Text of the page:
Dr Michał Peno
Abstrakt w języku angielskim: If sociologists are to be trusted, reflexivity, focused on itself and devoid of any religious or at least ideological framework, leads to the weakening of control mechanisms. Such changes are accompanied by the polarization of social classes and by the exclusion of the so-called underclass (which certainly includes a vast majority of criminals) from the civil society. In the doctrine of criminal law of “mature modernism”, within the framework of a liberal-democratic state, the civil society, together with the idea of communication, is supposed to constitute a central reference point in the research on criminal liability. Reflexivity brings up new problems. New citizen-oriented criminal law is being shaped, based upon mediation and communication (e.g. restorative justice, Expressive Theory). The civil society does not include the area of politics or political nature of things, where the problem is not the justification of the punishment but the effectiveness of mere spatial isolation. In this sense, it is difficult to talk about the merits of the emancipation of an individual from the limitations imposed by the society. The weakening of any external authority and of political duties owed to the state is replaced by self-control proper to reflexive modernity only in cases where the individuals have adequate intellectual and ethical predispositions. Disappearance of the influence of external rules and values together with the mechanism of exclusion from the civil society results in the weakening of self-control and in selfish care only about one’s own perspective (but also in repressive subordination by the state). Such a state of affairs creates favourable conditions for objectifying criminal liability, abandoning the concept of guilt, and for attempts to provide an ethical justification of penalty – which are concepts taken from the “world of citizens”.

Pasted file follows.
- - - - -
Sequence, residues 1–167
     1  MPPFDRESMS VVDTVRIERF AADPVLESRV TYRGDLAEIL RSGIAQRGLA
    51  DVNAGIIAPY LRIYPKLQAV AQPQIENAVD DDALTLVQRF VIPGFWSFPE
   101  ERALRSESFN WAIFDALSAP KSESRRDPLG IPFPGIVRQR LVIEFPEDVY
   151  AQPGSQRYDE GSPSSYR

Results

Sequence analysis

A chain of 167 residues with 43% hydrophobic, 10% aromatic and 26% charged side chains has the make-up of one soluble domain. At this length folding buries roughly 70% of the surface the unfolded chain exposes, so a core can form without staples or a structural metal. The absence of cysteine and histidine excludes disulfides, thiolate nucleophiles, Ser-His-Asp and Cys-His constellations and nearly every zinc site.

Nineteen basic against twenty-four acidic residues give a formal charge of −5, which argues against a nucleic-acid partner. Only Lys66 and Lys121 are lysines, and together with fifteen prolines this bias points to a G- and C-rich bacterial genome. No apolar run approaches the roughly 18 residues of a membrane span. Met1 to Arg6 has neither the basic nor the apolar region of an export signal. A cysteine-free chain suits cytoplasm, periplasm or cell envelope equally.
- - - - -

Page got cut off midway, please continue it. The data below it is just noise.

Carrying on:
Język artykułu: angielski
Opublikowano: Numer 2(13)/2016, s. 28-38.
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